First of all, I thought the acting of the entire cast was marvelous on all fronts. The mix of authentic Japanese who speak their own language for most of the film instead of constantly using broken, bad-sounding English and the acting of Jared Leto was simply stunning. How Nick Lowell ended up in an Osaka prison, remained a mystery to me. He’s the only English-speaking prisoner and is surrounded by mainly Yakuza gang members. Rescuing the Yakuza Kiyoshi (Tadanobu Asano) from a perilous, life-threatening situation gives him a ticket to freedom. And that’s when he chooses to gradually integrate into the Yakuza family. Not an easy task since the members of this Yakuza family aren’t really hospitable and are rather resentful towards white strangers (a Gaijin). However, I wonder if, in reality, a Westerner would get a chance to be included in such a Yakuza-family. I doubt it.

 

The Outsider

 

Sublime cinematography.

The used cinematography in ‘The Outsider’ was also generally sublime. Maybe a little too dark at certain moments, such as the prison scenes, for example. But in general, the setting in this post-war Japan is really impressive. A mysterious metropolis with dark, narrow alleys, clubs where Sumo wrestlers compete and smoky night clubs. The only thing that tries to break through this darkness is the sometimes bright neon lights.
Expect some violent scenes too. You can’t do without it in a gangster movie, I guess. There are quite a few victims. Lots of gunshots and knives carving around. Even a self-mutilation scene where a few fingers are sacrificed isn’t missing.

 

The Outsider

 

The acting of Jared Leto was superb.

My limited knowledge of Asian film material and Japanese customs made sure everything came across as fairly authentic to me. Others, who immersed themselves in this matter, may have noticed imperfections. And perhaps the content has all been done before. I even read somewhere that there was a lot of fuss about casting Jared Leto. And the term “whitewashing” came up. Didn’t we have the same discussion about Matt Damon’s contribution to “The Great Wall“? By the way, I thought Jared Leto was suitable for this role as the silent (probably because he doesn’t speak the language), cold-blooded and emotionless Nick. He reminded me a bit of Keanu Reeves in “47 Ronin“. Only the speed with which he was accepted in the Shiromatsu Yakuza clan, seemed greatly exaggerated. And the emotional relationship between Nick and Miyu (Shioli Kutsuna) felt like a mandatory item.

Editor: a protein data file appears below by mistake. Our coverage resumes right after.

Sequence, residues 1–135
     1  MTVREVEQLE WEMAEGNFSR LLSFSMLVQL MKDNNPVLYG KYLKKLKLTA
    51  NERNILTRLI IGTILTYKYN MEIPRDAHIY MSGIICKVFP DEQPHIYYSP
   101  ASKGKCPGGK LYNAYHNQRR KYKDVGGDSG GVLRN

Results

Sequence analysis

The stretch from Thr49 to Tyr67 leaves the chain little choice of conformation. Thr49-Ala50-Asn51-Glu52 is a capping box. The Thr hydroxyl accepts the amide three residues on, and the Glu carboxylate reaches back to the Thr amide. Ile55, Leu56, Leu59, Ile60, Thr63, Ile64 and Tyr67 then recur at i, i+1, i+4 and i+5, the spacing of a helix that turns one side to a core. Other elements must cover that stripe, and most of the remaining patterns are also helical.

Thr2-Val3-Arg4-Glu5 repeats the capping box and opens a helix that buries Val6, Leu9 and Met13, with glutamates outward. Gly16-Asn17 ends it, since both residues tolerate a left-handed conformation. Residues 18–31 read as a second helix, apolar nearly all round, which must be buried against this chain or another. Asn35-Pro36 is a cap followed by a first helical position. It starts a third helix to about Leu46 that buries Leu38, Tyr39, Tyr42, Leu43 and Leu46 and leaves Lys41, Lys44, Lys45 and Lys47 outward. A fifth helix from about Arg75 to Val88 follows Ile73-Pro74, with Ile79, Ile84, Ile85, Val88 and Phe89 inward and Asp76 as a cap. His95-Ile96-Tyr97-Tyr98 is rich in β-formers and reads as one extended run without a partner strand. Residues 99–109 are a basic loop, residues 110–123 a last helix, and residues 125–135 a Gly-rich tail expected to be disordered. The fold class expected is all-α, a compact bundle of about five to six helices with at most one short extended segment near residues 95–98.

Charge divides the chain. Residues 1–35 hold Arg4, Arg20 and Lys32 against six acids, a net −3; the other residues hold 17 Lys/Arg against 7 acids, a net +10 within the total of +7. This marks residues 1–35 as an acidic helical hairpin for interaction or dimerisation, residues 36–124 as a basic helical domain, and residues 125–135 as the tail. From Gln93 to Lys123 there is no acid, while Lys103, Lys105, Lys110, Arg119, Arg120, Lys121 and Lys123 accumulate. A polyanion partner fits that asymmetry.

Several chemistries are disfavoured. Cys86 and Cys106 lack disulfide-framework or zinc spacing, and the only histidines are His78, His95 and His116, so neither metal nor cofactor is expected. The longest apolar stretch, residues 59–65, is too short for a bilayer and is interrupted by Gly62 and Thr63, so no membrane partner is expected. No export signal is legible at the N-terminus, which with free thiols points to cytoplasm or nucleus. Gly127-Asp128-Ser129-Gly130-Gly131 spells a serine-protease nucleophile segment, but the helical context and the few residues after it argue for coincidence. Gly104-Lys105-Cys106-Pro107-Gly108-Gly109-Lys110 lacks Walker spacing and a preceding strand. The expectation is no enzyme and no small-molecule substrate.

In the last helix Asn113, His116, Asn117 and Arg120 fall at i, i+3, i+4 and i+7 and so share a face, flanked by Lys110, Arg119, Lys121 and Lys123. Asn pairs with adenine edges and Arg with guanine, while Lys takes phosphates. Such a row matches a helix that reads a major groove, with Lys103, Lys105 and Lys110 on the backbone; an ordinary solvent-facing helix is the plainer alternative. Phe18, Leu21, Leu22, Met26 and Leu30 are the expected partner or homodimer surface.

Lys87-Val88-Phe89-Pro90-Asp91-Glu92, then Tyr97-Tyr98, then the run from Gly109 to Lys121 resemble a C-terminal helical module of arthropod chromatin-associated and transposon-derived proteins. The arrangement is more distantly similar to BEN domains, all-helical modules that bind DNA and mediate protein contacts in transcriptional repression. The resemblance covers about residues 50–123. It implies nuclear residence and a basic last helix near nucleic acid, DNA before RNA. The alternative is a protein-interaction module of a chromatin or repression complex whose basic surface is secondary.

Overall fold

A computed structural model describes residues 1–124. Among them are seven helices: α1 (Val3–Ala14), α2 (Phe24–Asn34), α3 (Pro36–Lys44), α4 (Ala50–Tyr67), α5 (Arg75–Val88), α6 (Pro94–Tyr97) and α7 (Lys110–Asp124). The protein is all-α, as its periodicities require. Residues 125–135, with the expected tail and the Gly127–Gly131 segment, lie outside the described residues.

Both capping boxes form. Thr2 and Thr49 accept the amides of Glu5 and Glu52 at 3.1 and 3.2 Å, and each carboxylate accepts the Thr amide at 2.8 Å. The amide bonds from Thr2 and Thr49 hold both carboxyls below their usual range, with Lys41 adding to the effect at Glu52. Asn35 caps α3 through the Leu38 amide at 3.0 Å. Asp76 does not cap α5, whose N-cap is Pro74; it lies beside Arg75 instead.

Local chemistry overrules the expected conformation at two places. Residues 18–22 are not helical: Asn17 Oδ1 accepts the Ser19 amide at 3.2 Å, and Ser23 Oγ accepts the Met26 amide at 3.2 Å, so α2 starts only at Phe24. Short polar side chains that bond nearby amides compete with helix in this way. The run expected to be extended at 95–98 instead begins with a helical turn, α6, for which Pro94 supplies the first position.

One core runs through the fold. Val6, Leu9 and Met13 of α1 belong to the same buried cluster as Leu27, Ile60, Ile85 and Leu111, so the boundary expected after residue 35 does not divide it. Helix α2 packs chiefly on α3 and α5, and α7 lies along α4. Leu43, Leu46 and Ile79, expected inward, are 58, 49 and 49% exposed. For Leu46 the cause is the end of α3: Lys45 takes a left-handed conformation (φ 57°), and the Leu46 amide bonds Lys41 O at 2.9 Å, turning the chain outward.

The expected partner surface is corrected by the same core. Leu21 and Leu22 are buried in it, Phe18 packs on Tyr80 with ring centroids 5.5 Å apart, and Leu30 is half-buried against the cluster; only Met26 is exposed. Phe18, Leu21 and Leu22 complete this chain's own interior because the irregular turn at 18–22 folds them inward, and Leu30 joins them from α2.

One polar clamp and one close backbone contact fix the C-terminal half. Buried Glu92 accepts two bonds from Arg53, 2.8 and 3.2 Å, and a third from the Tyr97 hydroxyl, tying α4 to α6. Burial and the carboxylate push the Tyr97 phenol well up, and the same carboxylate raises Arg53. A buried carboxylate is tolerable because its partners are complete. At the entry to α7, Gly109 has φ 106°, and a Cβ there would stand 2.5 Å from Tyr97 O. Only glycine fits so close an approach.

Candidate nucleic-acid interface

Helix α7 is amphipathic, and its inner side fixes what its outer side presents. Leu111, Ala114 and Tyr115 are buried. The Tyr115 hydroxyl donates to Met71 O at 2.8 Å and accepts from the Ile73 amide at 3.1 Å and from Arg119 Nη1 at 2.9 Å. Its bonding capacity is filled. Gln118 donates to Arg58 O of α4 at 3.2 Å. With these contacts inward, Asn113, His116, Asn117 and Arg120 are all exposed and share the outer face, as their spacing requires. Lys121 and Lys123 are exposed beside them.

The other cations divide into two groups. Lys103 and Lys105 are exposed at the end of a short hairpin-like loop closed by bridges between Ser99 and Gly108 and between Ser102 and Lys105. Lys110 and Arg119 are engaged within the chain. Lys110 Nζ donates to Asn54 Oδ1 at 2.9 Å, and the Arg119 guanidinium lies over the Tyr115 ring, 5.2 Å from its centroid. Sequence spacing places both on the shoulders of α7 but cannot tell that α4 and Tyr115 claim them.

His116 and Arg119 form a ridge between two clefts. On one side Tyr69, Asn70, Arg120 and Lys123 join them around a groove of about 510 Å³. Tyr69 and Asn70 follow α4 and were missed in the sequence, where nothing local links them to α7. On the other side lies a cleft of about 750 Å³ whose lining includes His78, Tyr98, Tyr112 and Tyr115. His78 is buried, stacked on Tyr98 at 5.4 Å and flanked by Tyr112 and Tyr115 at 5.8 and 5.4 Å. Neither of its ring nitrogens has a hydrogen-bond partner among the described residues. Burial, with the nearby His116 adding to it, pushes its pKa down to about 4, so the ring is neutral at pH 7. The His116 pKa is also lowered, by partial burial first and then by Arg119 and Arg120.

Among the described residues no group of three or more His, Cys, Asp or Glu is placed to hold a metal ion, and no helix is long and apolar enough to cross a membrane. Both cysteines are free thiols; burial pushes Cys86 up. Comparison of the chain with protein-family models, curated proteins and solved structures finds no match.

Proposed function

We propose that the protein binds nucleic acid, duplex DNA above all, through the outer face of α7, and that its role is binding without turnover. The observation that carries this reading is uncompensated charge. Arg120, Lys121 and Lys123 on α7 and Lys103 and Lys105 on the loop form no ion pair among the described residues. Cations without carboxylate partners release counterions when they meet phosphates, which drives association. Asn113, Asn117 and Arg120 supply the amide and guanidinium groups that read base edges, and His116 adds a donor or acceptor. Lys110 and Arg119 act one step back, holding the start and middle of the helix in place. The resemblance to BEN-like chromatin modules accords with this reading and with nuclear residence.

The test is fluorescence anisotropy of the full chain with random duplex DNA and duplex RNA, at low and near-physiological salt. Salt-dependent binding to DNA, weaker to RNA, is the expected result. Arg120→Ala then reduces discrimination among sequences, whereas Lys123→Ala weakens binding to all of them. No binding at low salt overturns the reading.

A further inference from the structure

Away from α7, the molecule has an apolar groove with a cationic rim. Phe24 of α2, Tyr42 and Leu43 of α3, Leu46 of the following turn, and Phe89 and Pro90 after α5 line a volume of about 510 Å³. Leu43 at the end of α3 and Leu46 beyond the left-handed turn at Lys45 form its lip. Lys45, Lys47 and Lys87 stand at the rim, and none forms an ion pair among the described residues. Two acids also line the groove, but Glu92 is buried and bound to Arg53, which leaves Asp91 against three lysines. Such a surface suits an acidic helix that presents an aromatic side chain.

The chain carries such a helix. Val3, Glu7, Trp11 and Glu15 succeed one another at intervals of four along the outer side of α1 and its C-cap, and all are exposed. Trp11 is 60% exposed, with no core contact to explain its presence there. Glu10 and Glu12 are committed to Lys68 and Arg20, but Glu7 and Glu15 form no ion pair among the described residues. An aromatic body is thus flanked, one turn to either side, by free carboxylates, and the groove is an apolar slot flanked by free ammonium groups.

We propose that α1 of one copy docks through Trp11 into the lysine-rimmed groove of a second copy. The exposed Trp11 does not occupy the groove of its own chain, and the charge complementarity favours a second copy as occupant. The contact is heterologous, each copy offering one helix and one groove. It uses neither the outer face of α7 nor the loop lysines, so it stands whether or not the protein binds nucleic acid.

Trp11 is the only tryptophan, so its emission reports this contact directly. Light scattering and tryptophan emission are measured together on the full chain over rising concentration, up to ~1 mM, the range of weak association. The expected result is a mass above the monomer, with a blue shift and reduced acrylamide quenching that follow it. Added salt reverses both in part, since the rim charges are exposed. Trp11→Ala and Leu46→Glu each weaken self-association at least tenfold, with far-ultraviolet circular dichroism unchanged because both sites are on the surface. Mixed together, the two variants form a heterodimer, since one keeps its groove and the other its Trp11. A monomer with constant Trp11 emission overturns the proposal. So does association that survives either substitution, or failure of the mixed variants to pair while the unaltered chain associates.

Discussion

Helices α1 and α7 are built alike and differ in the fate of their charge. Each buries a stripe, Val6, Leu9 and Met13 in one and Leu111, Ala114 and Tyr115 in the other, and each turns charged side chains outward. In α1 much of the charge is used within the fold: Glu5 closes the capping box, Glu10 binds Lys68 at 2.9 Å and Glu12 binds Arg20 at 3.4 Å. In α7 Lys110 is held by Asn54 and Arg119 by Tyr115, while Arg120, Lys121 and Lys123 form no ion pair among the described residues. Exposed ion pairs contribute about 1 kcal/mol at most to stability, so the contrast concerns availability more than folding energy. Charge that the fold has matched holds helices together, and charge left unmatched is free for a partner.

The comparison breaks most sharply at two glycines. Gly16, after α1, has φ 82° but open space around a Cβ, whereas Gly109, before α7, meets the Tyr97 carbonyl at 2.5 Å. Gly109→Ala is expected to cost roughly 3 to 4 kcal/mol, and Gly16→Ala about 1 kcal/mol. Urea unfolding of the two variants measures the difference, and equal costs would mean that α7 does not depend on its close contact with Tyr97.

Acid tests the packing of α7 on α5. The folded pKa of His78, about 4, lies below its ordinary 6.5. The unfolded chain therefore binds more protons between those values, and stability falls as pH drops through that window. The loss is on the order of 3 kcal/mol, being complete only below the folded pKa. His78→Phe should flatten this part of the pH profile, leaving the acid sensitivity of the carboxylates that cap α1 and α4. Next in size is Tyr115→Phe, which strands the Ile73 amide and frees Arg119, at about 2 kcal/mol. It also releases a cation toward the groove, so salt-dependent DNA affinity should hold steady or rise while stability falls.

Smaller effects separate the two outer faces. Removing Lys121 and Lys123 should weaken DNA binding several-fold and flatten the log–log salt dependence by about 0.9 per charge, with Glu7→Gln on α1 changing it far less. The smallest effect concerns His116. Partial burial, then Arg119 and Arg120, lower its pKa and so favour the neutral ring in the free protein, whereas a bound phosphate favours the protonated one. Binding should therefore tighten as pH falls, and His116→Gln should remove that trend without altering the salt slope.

The Outsider

 

But just as I scoured the internet for information about “The Zodiac Killer” after watching the movie “Zodiac“, I couldn’t resist consulting Wikipedia about the Yakuza phenomenon. That means this film also left an impression. If slow crime movies about the Mafia interest you, and this in a Japanese environment, then I can definitely recommend this movie to you.

You can watch The Outsider on Netflix now!

My rating 7/10
Links: IMDB